Sharing in Christ’s Liberating Mission as Priest, Prophet and King
Jgs 13:2-7. 24-25
Reference: PCP II 53-61, 116-121
Every October 20 solemn and festive ceremonies mark what is often called ‘Liberation Day’. The whole thing is really a commemoration of the famous landing by Gen. Douglas McArthur on Philippine soil to “liberate” the Philippines from the Japanese Occupation. It occurred on October 20, 1945. I once heard a story of a boy who asked his grandfather, a World War II veteran: “Lolo, what does ‘liberation’ mean?” The grandfather explained that it simply meant setting someone free from anyone or anything that enslaves or oppresses that person. “Did the Americans liberate us from the Japanese?” the boy asked. “Yes”, answered the grandfather. “But,” the boy asked again, bewildered, “who liberated us from the Americans?”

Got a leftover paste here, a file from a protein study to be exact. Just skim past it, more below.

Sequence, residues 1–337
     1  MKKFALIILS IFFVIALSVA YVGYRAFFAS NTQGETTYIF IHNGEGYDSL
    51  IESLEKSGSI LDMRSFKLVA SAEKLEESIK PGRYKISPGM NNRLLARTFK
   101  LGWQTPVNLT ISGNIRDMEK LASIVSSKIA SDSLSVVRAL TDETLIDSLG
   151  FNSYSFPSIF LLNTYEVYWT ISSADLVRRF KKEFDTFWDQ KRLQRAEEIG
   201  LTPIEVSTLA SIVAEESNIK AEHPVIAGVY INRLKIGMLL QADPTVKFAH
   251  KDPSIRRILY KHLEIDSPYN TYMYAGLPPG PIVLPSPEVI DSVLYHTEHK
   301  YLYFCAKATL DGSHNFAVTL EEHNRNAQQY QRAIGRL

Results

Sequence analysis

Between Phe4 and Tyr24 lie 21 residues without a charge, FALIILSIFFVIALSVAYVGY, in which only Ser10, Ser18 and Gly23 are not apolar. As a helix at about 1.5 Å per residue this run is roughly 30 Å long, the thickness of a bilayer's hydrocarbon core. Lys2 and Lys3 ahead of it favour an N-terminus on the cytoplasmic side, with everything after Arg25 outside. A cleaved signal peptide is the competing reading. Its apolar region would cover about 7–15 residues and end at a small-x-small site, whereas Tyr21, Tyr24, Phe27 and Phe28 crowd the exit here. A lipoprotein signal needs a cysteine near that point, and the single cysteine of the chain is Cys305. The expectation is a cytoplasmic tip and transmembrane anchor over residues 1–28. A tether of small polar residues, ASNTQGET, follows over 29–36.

The grandfather didn’t have an answer.
If you were the grandfather, how would you have dealt with the question?
In a town south of Eastern Samar there used to be a man with a speech impediment. People would pay him a peso coin just to say three words. Well, not trivial words but the famous words of Gen. McArthur. People would say: “Nicanor, here’s one peso for your speech.” And Nicanor would oblige, saying: “Ashyaa itoon” for “I SHALL RETURN”.
The reason I took time to tell two stories is that ‘liberation’ and ‘return’ have very biblical and Christian roots. God is a liberating God. And whenever he liberated his people Israel from any oppressing nation or situation, the result would be a return to their land. For us Christians, liberation means the return of the Savior Jesus Christ whose first coming we are anticipating this season of preparation. The ultimate goal: our return to the kingdom of heaven.